Purposeful Talent Development: Why You Should Develop Leader Success Profiles

line of executives sitting
Jennifer Stangl Photo
Director of Professional Development

2 minutes

This tool can help you meet the learning needs of current and emerging leaders.

In 2012, Jack Zenger found that on average leaders do not receive training until they’ve been leading people for 10 years. 10 years! In the last decade, progress has been made to shrink this gap, but we still see evidence of promotions occurring because of technical skills, not human or leadership skills. To help people succeed in leadership roles, we need to do a better job preparing them. 

Moving from an individual contributor to a manager, supervisor or leader requires transitioning from simply managing yourself and getting things done to managing a team to produce results. A promotion from a middle manager to a strategic leader shifts the focus from results to vision and managing future talent. 

An organization’s goal is to build a pipeline of future leaders, a broad pool of people with potential for future roles. To build this bench, it is important to understand the capabilities needed by leaders at each level of the organization. A leader success profile can help you get there. 

A leader success profile looks at the whole person, providing a picture of individual success and the opportunity to clearly communicate expectations. It outlines the capabilities and behaviors needed in a leadership role, anchoring them to the organizational strategy or values. Creating such a profile connects business strategy with people strategy. Once the profile is established, you can use it to:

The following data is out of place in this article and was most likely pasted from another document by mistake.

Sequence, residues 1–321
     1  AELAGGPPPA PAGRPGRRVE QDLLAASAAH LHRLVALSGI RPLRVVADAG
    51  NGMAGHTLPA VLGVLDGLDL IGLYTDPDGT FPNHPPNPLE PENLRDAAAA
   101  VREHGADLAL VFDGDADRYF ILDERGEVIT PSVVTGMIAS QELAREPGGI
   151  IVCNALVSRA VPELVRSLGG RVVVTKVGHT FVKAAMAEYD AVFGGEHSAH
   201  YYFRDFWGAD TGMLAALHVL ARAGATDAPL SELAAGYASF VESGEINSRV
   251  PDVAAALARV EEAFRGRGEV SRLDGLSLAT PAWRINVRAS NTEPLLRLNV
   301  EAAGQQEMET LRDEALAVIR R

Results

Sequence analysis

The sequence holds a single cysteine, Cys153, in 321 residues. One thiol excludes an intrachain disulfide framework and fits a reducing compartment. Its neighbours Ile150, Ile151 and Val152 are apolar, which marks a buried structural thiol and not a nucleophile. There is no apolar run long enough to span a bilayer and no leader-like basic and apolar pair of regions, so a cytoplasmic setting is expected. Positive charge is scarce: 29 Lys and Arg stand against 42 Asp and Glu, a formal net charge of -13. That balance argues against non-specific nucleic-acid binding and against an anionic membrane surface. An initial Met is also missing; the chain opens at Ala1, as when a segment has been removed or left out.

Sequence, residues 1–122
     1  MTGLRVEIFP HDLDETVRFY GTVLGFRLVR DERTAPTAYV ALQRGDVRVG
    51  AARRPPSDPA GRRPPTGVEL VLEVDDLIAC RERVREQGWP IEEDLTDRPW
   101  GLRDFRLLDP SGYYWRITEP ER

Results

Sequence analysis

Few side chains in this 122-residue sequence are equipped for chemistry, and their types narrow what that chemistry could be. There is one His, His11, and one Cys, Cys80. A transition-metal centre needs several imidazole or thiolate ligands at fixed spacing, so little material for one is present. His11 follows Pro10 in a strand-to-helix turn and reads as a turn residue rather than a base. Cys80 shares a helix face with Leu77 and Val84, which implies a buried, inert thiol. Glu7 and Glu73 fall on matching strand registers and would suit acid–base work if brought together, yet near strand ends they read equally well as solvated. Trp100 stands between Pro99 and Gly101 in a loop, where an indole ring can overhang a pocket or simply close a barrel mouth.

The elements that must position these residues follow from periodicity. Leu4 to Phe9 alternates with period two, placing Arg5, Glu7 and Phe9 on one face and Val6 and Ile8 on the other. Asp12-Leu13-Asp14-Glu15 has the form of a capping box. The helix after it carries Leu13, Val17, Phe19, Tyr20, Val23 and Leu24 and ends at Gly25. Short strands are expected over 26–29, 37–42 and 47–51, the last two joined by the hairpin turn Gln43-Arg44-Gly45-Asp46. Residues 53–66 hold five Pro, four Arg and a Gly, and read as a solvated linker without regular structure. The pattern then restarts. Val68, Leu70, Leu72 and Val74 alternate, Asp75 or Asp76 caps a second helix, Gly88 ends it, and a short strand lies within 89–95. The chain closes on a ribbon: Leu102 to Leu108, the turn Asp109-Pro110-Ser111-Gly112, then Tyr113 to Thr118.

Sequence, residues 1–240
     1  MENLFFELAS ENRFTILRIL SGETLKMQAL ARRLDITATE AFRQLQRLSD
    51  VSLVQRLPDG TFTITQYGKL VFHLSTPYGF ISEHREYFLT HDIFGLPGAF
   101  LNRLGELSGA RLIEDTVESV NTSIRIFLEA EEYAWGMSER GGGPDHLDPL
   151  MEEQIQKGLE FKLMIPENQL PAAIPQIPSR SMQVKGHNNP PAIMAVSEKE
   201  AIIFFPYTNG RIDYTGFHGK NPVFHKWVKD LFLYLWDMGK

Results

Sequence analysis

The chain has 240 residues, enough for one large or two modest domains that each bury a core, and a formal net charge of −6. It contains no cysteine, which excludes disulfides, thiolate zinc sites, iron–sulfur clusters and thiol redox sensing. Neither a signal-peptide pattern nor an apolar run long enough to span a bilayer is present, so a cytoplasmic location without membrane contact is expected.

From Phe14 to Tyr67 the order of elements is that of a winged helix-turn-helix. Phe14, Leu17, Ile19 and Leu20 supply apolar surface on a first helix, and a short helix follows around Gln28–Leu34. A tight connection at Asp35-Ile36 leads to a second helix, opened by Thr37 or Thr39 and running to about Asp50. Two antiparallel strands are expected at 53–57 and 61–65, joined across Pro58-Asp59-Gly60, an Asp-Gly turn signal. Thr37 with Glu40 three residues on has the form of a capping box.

• Guide succession planning efforts for key leadership positions, assessing and developing potential successors within the capabilities and behaviors
  • Build a leadership development program to strengthen current leaders’ skills in alignment with the needed capabilities
  • Identify potential successors
  • Provide people with leadership aspirations a framework for understanding the capabilities needed to succeed, enabling them to drive their own development
  • Assess current and future leaders
  • Create focused development plans in support of future roles
  • Identify interview practices that increase the probability of an individual thriving in the organization because the new practices shift the focus from knowledge and experience to behaviors and help reduce bias
  • Strengthen job descriptions to highlight the needed capabilities and skills

Simon Sinek says that “leadership is not an expertise. Leadership is a constant education.” We know this. Yet sometimes we don’t help prepare people for these positions. We think that because employees are technically proficient, they are ready to lead. Developing individuals within current roles and preparing potentials for future roles requires direction and focus, something that employees look to their organization to provide. How well are you doing this?

Jennifer Stangl is director of professional development at CUES. Contact her to discuss customized team building sessions to build strong relationships and strengthen your team engagement.

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